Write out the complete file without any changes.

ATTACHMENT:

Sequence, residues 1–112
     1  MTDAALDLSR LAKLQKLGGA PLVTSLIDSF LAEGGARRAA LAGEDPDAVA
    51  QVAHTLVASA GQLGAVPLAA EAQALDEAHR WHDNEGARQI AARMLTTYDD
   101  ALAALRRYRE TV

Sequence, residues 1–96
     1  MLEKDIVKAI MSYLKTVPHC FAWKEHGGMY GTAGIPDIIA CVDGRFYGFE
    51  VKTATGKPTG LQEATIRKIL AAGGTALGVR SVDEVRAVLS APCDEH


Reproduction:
Sequence, residues 1–112
     1  MTDAALDLSR LAKLQKLGGA PLVTSLIDSF LAEGGARRAA LAGEDPDAVA
    51  QVAHTLVASA GQLGAVPLAA EAQALDEAHR WHDNEGARQI AARMLTTYDD
   101  ALAALRRYRE TV

Sequence, residues 1–96
     1  MLEKDIVKAI MSYLKTVPHC FAWKEHGGMY GTAGIPDIIA CVDGRFYGFE
    51  VKTATGKPTG LQEATIRKIL AAGGTALGVR SVDEVRAVLS APCDEH